Church BC and AC

May 30, 2020

Sufficient Grace

“Have I ever had an original thought,” I asked myself. “Probably not,” I replied.

[Coronavirus made my life a lot better. I get to spend more time with my family, do less schoolwork and play more games. However, in some parts it’s made it worse. The old people in my family are acting weird. That’s how Coronavirus has affected my life. Gordon Jeter – 4th Grade]

Why would someone who grew up as a Fundamental Baptist, went to the same Bible College as Jerry Falwell did, graduated from a biblically conservative seminary and has since pastored only theologically conservative, evangelical churches find himself staying for the whole (nearly an hour) of an online Roman Catholic Mass celebrated by Timothy Cardinal Dolan at Saint Patrick’s Cathedral?…Good (long) question!

The short answer is, “the Corona Virus!” As the fourth-grade writer I cited above suggested, it has brought change into our lives. For some of us, and not just “old people,” as he suggests, it has made us, “weird.”
The longer answer is, that I was snooping to see how a church in which a person is told they need to physically “receive communion” in order to maintain relationship with God was going to pull that off. How would they do it and maintain “social distancing” as they claimed they could and would?

The bell rang signifying the time in the service when their belief is that a miracle had taken place. The bread and the wine had been “transformed” so that they were now the sacramentally effective body and blood of Christ. The Cardinal broke the host and ate. He drank the wine. Then, he deftly swept the fallen crumbs from the broken bread into the chalice holding the remaining wine.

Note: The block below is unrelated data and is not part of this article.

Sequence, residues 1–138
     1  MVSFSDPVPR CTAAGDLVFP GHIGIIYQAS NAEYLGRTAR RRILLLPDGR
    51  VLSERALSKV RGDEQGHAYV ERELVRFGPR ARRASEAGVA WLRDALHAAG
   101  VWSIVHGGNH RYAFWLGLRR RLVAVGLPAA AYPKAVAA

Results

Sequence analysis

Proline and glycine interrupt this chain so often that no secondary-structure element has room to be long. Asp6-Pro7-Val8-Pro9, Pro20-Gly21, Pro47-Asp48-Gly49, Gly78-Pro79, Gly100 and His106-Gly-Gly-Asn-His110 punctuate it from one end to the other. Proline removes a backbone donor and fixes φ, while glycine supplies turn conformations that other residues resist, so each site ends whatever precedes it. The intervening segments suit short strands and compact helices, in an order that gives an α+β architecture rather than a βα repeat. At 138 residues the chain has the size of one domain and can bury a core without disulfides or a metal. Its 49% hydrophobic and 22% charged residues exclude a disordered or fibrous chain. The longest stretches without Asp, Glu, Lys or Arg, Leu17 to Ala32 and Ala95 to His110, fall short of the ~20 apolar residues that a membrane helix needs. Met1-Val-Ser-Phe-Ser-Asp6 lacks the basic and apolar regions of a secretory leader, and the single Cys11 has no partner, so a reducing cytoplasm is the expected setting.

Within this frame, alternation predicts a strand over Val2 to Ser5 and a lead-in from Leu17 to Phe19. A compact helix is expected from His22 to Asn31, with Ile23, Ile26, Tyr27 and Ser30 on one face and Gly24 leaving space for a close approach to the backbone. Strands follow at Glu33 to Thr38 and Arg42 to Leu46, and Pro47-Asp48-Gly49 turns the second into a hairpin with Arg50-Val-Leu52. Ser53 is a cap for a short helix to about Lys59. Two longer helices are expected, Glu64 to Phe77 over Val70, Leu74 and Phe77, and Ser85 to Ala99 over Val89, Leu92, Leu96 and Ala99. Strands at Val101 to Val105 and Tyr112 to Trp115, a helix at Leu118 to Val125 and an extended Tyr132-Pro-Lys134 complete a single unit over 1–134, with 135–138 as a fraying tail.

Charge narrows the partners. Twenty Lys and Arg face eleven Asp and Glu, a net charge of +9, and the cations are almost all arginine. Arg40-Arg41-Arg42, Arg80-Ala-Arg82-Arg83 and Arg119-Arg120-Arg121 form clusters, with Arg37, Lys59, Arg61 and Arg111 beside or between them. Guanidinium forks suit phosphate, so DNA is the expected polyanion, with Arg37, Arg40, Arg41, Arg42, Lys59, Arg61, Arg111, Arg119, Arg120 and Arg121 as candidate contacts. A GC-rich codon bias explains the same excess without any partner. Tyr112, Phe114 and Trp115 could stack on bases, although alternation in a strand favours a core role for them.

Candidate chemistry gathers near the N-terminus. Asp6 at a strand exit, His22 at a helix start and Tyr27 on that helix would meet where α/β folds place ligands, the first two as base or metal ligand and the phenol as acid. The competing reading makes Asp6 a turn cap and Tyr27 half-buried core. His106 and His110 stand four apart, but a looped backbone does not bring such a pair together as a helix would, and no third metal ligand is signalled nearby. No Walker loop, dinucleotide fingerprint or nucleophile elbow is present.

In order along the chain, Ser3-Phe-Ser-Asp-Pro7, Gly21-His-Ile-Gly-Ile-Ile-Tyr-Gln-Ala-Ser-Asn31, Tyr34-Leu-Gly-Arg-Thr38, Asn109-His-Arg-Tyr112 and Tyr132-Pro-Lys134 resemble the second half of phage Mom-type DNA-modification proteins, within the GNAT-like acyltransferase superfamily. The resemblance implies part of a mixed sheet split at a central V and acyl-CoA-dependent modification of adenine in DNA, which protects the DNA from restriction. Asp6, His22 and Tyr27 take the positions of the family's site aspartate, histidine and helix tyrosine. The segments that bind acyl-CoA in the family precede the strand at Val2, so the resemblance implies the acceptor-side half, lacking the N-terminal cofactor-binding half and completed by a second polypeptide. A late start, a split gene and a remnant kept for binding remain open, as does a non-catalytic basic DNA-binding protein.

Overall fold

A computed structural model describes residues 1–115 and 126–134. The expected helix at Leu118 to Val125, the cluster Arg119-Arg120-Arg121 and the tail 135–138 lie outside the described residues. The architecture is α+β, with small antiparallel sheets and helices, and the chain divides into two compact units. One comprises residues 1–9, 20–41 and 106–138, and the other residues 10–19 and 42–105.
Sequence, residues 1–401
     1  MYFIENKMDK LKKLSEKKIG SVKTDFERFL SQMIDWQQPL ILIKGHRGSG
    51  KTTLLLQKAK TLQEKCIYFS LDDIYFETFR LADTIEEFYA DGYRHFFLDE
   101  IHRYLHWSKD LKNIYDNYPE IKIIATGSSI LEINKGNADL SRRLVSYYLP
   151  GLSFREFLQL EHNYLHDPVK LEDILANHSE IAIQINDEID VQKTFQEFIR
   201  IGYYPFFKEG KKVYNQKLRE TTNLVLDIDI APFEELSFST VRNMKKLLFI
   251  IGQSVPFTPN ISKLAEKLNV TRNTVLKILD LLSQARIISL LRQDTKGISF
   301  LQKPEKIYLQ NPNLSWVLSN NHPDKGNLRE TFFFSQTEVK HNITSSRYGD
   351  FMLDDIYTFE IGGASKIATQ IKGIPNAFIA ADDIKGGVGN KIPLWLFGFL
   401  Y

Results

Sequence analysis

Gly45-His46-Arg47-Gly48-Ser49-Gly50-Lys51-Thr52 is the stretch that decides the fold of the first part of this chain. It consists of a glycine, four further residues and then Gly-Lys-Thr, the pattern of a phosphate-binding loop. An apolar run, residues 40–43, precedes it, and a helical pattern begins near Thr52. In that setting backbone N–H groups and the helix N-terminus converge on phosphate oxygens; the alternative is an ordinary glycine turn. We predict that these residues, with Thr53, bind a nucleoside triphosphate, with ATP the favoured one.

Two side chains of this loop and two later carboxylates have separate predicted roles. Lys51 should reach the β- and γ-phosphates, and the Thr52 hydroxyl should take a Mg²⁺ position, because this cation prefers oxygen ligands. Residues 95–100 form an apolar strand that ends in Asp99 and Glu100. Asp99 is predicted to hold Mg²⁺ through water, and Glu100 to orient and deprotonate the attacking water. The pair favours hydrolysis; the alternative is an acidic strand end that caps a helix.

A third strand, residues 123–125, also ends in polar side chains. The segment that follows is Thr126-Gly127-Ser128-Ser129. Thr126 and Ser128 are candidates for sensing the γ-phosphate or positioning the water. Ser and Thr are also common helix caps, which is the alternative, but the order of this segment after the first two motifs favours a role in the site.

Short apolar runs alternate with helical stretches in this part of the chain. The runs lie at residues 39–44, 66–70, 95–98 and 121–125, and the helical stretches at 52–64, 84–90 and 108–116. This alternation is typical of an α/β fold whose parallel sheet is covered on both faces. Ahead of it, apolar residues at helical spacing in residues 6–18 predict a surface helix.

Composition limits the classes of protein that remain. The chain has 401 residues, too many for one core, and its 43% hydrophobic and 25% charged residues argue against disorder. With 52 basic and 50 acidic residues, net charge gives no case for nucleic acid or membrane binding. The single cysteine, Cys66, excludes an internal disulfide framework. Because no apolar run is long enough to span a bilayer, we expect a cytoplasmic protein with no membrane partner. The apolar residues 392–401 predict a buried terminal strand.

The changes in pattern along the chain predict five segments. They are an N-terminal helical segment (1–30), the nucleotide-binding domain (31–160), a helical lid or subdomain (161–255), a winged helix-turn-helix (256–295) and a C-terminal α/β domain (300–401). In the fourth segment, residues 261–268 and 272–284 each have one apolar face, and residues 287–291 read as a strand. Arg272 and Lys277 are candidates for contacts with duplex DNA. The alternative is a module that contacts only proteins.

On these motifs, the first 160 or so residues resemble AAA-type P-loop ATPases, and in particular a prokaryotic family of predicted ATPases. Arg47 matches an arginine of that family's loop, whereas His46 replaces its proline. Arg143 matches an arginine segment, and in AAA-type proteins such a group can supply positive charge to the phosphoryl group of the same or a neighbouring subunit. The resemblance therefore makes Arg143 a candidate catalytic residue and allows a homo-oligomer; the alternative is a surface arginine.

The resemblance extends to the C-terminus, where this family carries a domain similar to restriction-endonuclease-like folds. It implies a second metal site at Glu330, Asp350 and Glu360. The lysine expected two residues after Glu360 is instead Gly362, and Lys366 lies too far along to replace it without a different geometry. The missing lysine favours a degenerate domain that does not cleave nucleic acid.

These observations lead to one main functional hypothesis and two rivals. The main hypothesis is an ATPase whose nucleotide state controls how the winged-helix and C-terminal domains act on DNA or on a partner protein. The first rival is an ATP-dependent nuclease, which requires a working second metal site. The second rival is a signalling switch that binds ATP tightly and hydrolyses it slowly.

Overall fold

Ok, this is what I was waiting for. How will they do this?
I felt cheated in my quest. A lesser functionary then stepped to a microphone and explained that “In times like these, canon law allows for a ‘spiritual’ communion. That is, when worshippers can’t take the actual bread and wine physically, they can ‘take it in their hearts’.”

Now my question was, “Why then, did these folks need to come to this building that Sunday to watch a Cardinal eat and drink the bread and wine?” Evidently they, technically, did not. Sadly, I had received no logistical insights from watching some of the masters at doing “church-service” logistics.

However, I must admit, I still learned something. Apart from the one song, specifically worshipping Mary, I was blessed by the music that all focused on the glory and majesty of God—blessed at least when they remembered to turn off the Cardinal’s microphone so that his singing was muted. Singing the biblical truth of God, in a Roman Catholic Mass was productive even in “Baptistic” me—even when they were singing unfamiliar lyrics to unfamiliar tunes.

But, again, confusedly, I realized I didn’t have to go to that building and be there physically to “participate” in that aspect of worship. I was, after all, watching electronically. Why do we go to church?